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Managing the Concert. Ch. 17: Planning and Managing The Concert Administrative Issues Marisa Bouwkamp. Organization: . Cue Cards . Great way to stay organized Keeps you focused before and after you step on stage Determines the length of time needed for each section of the concert.

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Managing the concert

Managing the Concert

Ch. 17: Planning and Managing The ConcertAdministrative Issues

Marisa Bouwkamp


Cue Cards

  • Great way to stay organized

  • Keeps you focused before and after you step on stage

  • Determines the length of time needed for each section of the concert.

    • Announcements/ verbal program notes

    • Entrances/ Exits from stage

    • Performance

Cue cards example
Cue Cards: Example

  • Before the Concert:

    • Concert programs: finished and placed outside the auditorium

    • Ushers: Organize a meeting

    • Doors unlocked

    • Equipment

      • Baton

      • Tuner

      • Scores

      • Announcement Cards

Cue cards example1
Cue Cards: Example

  • Warm-up

    • Double check wardrobe

    • Line-up for stage entrance

    • Lock the room when you leave

      • You may not want students to leave valuables in the room

Cue cards example2
Cue Cards: Example

  • Concert Begins

    • Bring down house lights

    • Opening announcements

  • On Stage

    • List of soloists to acknowledge

    • List of announcements for the audience


  • Topics

    • Concert etiquette

    • Upcoming dates: class trips, deadlines, concerts

    • Extra-curricular opportunities/ private lessons

    • Requests for parent help

    • Student Achievements

    • Special events

    • Thank-yous

    • Mistakes in the program

  • Presentation

    • Keep it brief

    • Small amounts in between ensembles or pieces.

    • Put in concert program or run on a powerpoint prior to the concert.


  • Before:

    • Tune each individual or in sections

    • Use regular tuning sequence with one common tone source

    • Strings: enlist help from experienced players

  • On Stage:

    • Concertmaster: have them enter from stage right and bow. Tune A first then direct students to move to D, G, C, and E

    • No concertmaster: use a visual cue to signal the tuning note

Student etiquette
Student Etiquette

  • Moving on stage

    • Change of Ensemble

    • Emergencies

  • Seated in the Audience

    • Have seating reserved to avoid issues during the concert

  • Posture and Instrument Position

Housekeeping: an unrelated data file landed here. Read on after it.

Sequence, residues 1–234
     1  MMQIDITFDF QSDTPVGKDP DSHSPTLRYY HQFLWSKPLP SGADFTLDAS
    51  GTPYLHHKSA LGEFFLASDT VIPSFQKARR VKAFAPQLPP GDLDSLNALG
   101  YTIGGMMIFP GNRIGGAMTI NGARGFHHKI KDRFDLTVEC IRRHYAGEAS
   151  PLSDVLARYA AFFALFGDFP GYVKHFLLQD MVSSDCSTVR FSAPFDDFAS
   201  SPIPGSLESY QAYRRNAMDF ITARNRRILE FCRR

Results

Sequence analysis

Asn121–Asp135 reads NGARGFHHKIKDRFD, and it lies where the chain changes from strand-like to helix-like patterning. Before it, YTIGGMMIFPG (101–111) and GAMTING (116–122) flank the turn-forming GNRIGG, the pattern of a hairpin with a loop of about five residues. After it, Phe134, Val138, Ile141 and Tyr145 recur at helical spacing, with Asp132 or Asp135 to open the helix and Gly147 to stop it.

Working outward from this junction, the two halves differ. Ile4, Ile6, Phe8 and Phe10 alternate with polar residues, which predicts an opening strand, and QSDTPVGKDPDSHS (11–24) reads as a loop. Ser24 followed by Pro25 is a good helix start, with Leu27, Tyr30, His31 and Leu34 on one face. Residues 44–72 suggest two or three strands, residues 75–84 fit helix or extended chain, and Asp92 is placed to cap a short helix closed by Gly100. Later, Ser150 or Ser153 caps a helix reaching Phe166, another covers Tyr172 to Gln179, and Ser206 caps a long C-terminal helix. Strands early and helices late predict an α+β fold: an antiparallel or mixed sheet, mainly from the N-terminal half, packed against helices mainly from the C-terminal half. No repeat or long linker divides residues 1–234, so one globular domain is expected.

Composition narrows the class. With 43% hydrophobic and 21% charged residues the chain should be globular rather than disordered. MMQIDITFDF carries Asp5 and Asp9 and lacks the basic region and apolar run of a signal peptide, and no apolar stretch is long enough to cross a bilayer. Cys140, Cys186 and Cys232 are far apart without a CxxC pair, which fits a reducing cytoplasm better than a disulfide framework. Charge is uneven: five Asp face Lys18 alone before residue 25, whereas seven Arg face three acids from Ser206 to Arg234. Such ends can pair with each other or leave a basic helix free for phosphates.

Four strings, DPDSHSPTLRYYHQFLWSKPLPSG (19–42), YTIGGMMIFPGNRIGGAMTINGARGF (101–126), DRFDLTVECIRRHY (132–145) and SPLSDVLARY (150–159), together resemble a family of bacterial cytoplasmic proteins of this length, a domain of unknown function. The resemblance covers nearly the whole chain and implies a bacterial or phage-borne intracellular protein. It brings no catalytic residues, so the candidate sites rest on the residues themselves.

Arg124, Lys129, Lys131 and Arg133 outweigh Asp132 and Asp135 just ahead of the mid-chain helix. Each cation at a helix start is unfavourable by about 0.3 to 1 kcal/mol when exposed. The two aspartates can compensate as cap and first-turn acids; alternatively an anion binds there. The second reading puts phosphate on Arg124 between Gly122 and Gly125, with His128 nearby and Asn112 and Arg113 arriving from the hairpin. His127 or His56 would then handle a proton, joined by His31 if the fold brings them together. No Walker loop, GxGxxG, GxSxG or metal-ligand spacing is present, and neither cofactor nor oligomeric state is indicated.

• Rest, Standing, and Playing Position

Conductor stage etiquette
Conductor Stage Etiquette

  • Entrance:

    • After the group has settled and tuned

    • Carry only a baton, have music on podium opened

    • Don’t look at the ground

    • Acknowledge the audience

  • Applause

    • Be gracious

    • Gesture to soloists and ensemble

    • Turn to the audience, smile, bow (head down).

    • Bow after every piece but only after the other acknowledgments

Conductor stage etiquette1
Conductor Stage Etiquette

  • Beginning a piece:

    • Make eye contact with timpanist and players who begin the piece

    • Lift hands in the conducting ready position

  • Ending a piece:

    • Conductor’s hand and players instruments should stay up until the last note has decayed

    • Lower hands in a way that reflects the style of the ending

Aural program notes teaching audiences what we teach our students
Aural Program NotesTeaching Audiences What We Teach Our Students

  • Comments should be short and objective

  • Help guide listeners to find something to which they can relate

  • Allow students/ administration to participate

  • Topics:

    • Introduce themes and motive

    • build layers in a thickly textured piece

    • break down harmonies

    • show how a theme transforms

    • introduce unusual instruments


  • Feldman, Evan, Ari Contzius, and Mitchell Lutch. Instrumental Music Education: Teaching with the Musical and Practical in Harmony. New York: Routledge, 2011. Print

  • Phillips, Kenneth H. Directing the Choral Music Program. New York: Oxford UP, 2004. Print.

  • Nimmo, D. (2002). Programming the perfect concert. Teaching Music, 10(3), 34-38. Retrieved from

  • Music Education Blogs: